Chicago, IL – This month the Drug Enforcement Administration (DEA) announced their decision to maintain marijuana as a Schedule I drug, despite petitions from Citizens United for Research in Epilepsy (CURE) and many other research and patient-focused organizations concerned with the federal barriers prohibiting researchers from fully understanding the potential of medical cannabis. Despite this setback, CURE is pleased with the DEA’s decision to expand the number of DEA-registered marijuana manufacturers for research, of which there is currently only one, so more researchers will be able to conduct much-needed research on cannabidiol (CBD) – the major non-psychoactive ingredient in marijuana, as well as the many other cannabinoids found in marijuana.
An estimated 3 million Americans currently live with epilepsy and for two-thirds of them, the cause is unknown, making treatment difficult if not impossible to pinpoint. The positive results that some people with epilepsy have been seeing from CBD-rich marijuana extracts are giving so many parents what they have been lacking for so long – hope. CBD may not be the answer for all of these families, but when available medications and surgeries do not stop the uncontrollable seizures, every avenue must be explored.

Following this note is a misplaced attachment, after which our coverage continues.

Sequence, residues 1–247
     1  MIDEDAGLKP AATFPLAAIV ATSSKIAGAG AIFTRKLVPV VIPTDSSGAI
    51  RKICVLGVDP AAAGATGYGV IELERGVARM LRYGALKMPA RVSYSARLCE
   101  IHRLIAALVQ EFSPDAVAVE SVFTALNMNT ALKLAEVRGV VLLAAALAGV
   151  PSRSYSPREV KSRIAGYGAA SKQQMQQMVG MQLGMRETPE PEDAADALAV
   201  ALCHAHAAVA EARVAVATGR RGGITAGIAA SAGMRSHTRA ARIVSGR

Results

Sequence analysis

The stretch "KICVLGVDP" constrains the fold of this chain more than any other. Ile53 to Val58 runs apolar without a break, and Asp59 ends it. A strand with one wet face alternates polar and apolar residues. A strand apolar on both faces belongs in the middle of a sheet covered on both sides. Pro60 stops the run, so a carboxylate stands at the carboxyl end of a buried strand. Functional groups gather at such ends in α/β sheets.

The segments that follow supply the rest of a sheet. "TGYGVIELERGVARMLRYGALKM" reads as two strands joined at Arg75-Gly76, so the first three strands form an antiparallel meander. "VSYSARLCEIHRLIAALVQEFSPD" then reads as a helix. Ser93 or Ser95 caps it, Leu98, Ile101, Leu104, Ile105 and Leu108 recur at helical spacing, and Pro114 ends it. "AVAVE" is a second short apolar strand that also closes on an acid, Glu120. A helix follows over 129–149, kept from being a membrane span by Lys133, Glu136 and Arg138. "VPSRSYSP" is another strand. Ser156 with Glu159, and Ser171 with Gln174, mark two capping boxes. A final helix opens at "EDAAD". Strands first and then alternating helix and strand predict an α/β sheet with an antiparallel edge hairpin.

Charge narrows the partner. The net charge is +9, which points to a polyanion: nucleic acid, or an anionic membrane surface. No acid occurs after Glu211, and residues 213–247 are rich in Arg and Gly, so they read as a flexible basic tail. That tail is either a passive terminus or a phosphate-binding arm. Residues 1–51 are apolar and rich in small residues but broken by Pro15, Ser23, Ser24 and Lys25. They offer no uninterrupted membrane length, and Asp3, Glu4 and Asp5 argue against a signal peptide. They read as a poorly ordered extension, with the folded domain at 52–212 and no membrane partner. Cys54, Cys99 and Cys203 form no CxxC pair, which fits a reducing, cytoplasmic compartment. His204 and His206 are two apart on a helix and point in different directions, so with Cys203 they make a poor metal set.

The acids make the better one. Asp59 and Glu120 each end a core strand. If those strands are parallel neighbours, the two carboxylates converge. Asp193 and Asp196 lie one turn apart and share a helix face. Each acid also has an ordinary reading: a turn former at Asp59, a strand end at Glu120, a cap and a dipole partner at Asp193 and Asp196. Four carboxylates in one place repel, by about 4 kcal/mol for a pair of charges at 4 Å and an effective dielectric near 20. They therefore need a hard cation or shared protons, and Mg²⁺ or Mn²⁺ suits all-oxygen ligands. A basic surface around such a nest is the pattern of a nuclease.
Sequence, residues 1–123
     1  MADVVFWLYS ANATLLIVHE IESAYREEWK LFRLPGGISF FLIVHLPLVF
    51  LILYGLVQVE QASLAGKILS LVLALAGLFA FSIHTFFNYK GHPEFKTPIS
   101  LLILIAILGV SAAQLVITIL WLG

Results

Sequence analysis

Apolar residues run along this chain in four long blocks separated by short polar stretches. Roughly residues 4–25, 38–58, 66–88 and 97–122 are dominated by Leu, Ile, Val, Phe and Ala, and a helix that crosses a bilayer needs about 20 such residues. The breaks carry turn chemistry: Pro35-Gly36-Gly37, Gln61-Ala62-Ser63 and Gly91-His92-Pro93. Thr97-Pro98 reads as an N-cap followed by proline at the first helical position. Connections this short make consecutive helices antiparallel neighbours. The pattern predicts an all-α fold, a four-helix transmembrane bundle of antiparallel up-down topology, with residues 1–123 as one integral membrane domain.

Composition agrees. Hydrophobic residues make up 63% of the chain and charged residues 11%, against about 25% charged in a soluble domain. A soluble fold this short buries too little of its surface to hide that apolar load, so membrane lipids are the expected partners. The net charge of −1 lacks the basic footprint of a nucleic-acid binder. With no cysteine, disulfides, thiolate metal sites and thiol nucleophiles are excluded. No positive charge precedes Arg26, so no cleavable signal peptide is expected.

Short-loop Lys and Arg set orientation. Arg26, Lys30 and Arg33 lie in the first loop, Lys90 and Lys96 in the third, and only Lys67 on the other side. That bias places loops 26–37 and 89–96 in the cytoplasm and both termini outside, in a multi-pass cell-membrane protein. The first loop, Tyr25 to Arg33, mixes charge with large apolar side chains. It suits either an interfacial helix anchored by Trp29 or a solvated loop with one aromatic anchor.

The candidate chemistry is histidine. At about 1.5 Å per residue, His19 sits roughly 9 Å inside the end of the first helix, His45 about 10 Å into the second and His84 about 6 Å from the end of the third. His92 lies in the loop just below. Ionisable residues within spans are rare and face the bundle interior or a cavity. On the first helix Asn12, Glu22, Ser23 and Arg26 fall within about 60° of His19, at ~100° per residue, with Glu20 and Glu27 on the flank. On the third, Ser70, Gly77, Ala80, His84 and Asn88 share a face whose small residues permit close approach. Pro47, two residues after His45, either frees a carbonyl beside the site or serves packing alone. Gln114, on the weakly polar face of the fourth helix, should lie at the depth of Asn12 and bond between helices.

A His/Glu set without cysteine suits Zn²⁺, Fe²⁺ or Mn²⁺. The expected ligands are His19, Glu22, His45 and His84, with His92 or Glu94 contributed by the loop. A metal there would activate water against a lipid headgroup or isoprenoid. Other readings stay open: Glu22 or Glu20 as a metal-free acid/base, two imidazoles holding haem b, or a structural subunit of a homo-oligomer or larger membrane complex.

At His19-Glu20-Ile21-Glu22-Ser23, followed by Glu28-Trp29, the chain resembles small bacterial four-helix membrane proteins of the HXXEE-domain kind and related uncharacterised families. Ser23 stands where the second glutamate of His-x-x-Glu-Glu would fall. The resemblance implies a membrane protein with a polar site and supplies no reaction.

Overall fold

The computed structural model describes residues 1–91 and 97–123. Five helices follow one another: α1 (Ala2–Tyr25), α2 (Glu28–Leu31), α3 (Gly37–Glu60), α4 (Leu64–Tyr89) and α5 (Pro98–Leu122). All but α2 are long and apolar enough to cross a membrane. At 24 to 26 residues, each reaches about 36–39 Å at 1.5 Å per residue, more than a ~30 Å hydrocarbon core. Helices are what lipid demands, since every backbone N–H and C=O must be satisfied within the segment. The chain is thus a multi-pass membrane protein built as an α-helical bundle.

As the leading nongovernmental agency fully committed to funding research in epilepsy, we believe researchers should be encouraged and supported to test not only pure CBD, but also high CBD/low-THC cannabis, pure-THC and other types of medical marijuana to determine the efficacy of these and other combinations on seizure control and the genesis of epilepsy. We are hoping for more changes to marijuana access that makes it easier for researchers to continue their vital work.